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Yet another DIY GPSDO - yes, another one

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AndrewBCN:
Hello,
I have been following the thread by the late Lars about his inspirational DIY Arduino GPSDO project. And I checked the dozen or so GPSDO projects published on the net.
Then I decided to join the party and design and build my own.  :palm:
I didn't quite know what I was getting into, but after a couple of months waiting for the parts to come from China, and then another couple of months writing the firmware, I have a working, blinking, timekeeping and happily and precisely oscillating GPSDO.  :-+
The main differences with Lars' design are:
- Modular and as much as possible, follows the K.I.S.S. design rule.
- It's based on an inexpensive yet powerful 32-bit STM32F411 MCU development board, the WeAct Black Pill running at 100MHz.
- It uses a digital FLL, not a digital/analog PLL. New! It can also use a PLL, see post #131 on page 6 in this thread.
- It can be put together on a breadboard in one afternoon (provided one has all the parts).
- It works practically "out of the box". There is nothing to adjust.
- It has an optional small OLED display.
- It has an optional BMP280 atmospheric pressure and temperature sensor.
- It has an optional AHT10 temperature and humidity sensor.
- It has an optional Bluetooth interface, so you can control it from your smartphone.
- The BOM is very short and all the bits and pieces are easy to find and order.
- New! Optional UTC-aligned 1PPS output using a picDIV.
- Total cost is around 30€ (that's around US $35) for the stripped-down version, < 50€ with all the bells and whistles.

Like with Lars' design, any OCXO, DOCXO or even rubidium source can be used, but the recommended oscillator is an inexpensive used square wave 10MHz 5V OCXO, which is what I am using in the breadboard prototype. These OCXOs are available from various sources on the net, recycled from decommissioned telecom equipment and sometimes still soldered onto a piece of PCB, for around 10€ or less (< US $12). The OCXO is the most expensive part in this GPSDO.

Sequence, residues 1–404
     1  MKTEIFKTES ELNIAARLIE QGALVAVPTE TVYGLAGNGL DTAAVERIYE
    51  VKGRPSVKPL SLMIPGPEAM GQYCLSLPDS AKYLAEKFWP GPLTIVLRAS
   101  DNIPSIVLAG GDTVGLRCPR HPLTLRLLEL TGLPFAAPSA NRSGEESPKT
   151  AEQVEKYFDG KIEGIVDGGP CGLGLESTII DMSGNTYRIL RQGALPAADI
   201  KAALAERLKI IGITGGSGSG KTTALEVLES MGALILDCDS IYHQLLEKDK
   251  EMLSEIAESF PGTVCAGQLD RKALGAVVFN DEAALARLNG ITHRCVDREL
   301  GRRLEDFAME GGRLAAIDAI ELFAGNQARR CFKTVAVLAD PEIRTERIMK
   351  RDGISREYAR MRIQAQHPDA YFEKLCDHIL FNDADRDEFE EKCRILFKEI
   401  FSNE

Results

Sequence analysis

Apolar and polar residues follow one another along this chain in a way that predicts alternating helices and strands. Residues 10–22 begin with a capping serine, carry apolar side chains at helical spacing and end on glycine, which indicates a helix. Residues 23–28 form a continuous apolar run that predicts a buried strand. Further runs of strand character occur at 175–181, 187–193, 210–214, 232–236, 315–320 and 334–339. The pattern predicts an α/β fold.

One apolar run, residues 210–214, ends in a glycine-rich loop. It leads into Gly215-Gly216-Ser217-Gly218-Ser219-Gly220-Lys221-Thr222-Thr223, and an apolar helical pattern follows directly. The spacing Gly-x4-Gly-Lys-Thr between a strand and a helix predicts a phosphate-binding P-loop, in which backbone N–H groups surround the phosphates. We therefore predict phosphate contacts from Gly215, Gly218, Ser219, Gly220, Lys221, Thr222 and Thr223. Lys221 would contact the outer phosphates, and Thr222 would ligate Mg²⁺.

The second most expensive part is the GPS receiver module. I strongly recommend a u-blox Neo-M8 GPS module with an SMA antenna connector. With a u-blox Neo-M8, I am still getting 5~9 satellites even indoors in my basement cave lab. The much cheaper Neo-M6 struggles to get a fix in the same conditions. :phew:

The open source code in C/C++ (the firmware for the MCU when compiled) and documentation are available on GitHub, here: https://github.com/AndrewBCN/STM32-GPSDO

Here is the BOM: https://docs.google.com/spreadsheets/d/1BZbZeLiag-d61XXe9ATuPoSe3eMOxMuYYZ0WjF3BLuA/edit?usp=sharing

New! I posted the KiCad schematics revision 0.6.2 (three sheets PDF file) in post #378, page 16 in this thread. A PCB design is in the works and will be available ASAP.

bob91343:
Looks like a winner!  I assume it puts out 10 MHz.  More details please.

Bob

MIS42N:
I see you are using isotemp in the prototype and in software you also used an osc5a2b02. I have only used the osc5a2b02 as it is very cheap. Do you find the isotemp a better ocxo? I have one osc5a2b02 consistently keeps better than 0.1 ppb but I don't know if that is unusual. I put it down to a good power supply. Do you output the 10MHz anywhere?

AndrewBCN:
Hello Bob,
Yes, it uses a (recycled) square wave 5V 10MHz OCXO. The oscilloscope trace is exactly that, taken from the output of the OCXO. The visible ringing is due to a mismatch between the low impedance output of the OCXO and the high impedance of the 10x scope probe, but it doesn't affect the stability of the GPSDO one bit (or one Hz, I could say).
The use of an FLL control loop means that this GPSDO is mostly software-based, and no extra ICs are used (no dividers, no PLL chip, actually not even an op-amp). I am using a 32-bit timer counter in the MCU to do the frequency measurement, and a $1 I2C 12-bit DAC "closes the loop" by providing the frequency control voltage (Vctl) for the OCXO.
The firmware is still in development, but is already functional right now. I am using the Arduino IDE 1.8.13 with the latest STM32 core 2.0.0 package for development. The C/C++ source code for the project is available on GitHub under the GPL V3 license. There was no need for any assembly language code (which is usually an order of magnitude harder to maintain) and the C/C++ source code is copiously commented.

Hello MIS42N,
Yes, I have tested both OCXOs, the Isotemp 143-141 and the CTI OSC5A2B02. They essentially perform the same in terms of stability, but the CTI runs much hotter to the touch.
Depending on the application I would suggest adding a 74HC14 buffer and a coaxial 50 Ohm connector, and eventually an active low-pass filter if one needs a sine wave output.

bob91343:
Well then Andrew I hope you intend to give a diagram an maybe even sell a PC board.  I already have a rubidium standard but no way to know if it's correct.  This could close that gap.

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